- #1

Trojan666ru

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direction, it weighs 10kg. Suppose I'm moving upwards in

a uniform velocity 5m/s , how much would object weigh

now ??

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- Thread starter Trojan666ru
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- #1

Trojan666ru

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direction, it weighs 10kg. Suppose I'm moving upwards in

a uniform velocity 5m/s , how much would object weigh

now ??

- #2

arildno

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If we call r the initial distance from the center of the Earth, r+vt (where v is the velocity you move away with), you should be able to calculate for yourself that ratio of weights, as a function of time.

- #3

Trojan666ru

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- #4

arildno

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Do you think it would increase or decrease when you move away from the Earth?

- #5

Trojan666ru

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- #6

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Since you used the colloquial definition of weight, a synonym for mass, the answer is simple: It "weighs" 10 kg, anywhere and everywhere.

That colloquial meaning is not what physicists and engineers mean they talk about "weight". Physicists use the word "mass" to denote mass. Why use the word "weight" when there is already a perfectly good word for mass? Weight in physics has units of force in physics. There are two widely used definitions: The force due to gravitation on the object (mass times gravitational acceleration), and the total of all forces acting on the object except for gravitation.

What arildno is hinting at is mass times acceleration, or Newton's universal law of gravitation. What does that have to say about the force due to gravitation as altitude increases?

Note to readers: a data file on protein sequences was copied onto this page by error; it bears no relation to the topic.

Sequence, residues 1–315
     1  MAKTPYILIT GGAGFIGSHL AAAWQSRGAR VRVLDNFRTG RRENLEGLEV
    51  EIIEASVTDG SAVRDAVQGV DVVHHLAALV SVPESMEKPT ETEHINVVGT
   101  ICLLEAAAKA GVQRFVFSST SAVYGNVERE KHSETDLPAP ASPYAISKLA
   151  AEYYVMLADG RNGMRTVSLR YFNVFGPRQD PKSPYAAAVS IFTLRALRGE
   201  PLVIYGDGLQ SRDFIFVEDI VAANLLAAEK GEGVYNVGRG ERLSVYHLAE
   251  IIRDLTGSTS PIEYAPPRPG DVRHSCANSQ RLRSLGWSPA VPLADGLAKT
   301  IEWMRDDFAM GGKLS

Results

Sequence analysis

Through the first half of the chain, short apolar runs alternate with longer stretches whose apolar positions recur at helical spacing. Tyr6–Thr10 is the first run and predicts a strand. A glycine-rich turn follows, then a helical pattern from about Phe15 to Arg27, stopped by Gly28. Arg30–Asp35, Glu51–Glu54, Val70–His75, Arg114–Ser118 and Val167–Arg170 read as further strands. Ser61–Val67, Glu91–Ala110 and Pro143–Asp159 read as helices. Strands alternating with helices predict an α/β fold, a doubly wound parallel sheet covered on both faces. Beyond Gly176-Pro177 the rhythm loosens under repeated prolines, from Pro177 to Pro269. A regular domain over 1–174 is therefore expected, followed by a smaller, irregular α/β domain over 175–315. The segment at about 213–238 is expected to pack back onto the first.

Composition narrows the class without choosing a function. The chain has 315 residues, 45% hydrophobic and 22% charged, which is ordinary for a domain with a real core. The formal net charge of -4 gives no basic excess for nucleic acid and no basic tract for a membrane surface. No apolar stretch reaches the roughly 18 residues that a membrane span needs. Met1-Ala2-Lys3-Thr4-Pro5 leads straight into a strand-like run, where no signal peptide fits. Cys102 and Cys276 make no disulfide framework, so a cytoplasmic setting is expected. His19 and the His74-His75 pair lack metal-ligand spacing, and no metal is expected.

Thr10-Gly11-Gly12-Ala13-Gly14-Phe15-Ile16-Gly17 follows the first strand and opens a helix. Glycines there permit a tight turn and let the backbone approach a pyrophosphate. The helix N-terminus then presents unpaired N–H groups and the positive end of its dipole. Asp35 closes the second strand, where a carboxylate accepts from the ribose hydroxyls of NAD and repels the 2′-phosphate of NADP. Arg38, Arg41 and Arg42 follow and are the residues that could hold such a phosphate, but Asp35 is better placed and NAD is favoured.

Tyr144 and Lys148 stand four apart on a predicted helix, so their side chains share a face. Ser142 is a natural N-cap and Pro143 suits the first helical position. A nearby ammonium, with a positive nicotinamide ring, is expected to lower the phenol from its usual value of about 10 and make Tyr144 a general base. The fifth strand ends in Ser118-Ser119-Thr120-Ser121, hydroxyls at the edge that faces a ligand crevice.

- #7

Nugatory

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Using "weight" in the precise sense of being what a spring scale underfoot would read...

Aside from a tiny effect from inverse square law as you may move away from the center of the earth, the weight will not change if you're climbing at a constant velocity. It will change if you're accelerating or decelerating, so not climbing at a constant velocity.

Have you ever taken a fast elevator in a tall building? As the elevator first starts moving upwards you feel a slight increase in weight; you're accelerating upwards. As the elevator settles down to a steady upwards climb your weight returns to normal (no acceleration) and then as it slows to a stop at the top of the climb you feel momentarily lighter.

Of course the force of gravity on your body is the same throughout, as is your mass; what's changing is the force between you and the floor of the elevator, what we strictly mean by "weight".

- #8

Trojan666ru

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- #9

Nugatory

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If you are moving at a

- #10

Trojan666ru

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- #11

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Then why did you persist in saying the weight is 10 kg? Kilograms are a unit of mass, not force.here I'm strictly talking about weight, not mass, consider the mass does not vary because I'm moving with the mass.

That is not the definition of weight used in general relativity (your next post, below). In general relativity, "weight" is what an ideal (spring) scale measures. That's all real forces except gravitation (Newtonian interpretation), or all real forces, period (general relativistic interpretation). Gravitation is not a real force in general relativity.Weight is the product of mass and g.

Where did you get this idea?

- #12

Nugatory

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That's not what GR says gravity is, but this doesn't matter because GR itself is basically irrelevant in a situation in which the effects of the Newtonian inverse-square law are small enough to ignore.

This is really just an ##F=ma## problem. We're climbing at a constant velocity, so ##a=0##. Therefore ##F## is zero, which can only happen if the downwards force of gravity on our body is exactly balanced by the upwards force on our feet from the scale we're standing on.

- #13

TurtleMeister

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direction, it weighs 10kg. Suppose I'm moving upwards in

a uniform velocity 5m/s , how much would object weigh

now ??

10kg. You must accelerate or de-accelerate for the scale reading to change. You can test this in an elevator. Scale reading will change at the beginning and end of the ride.

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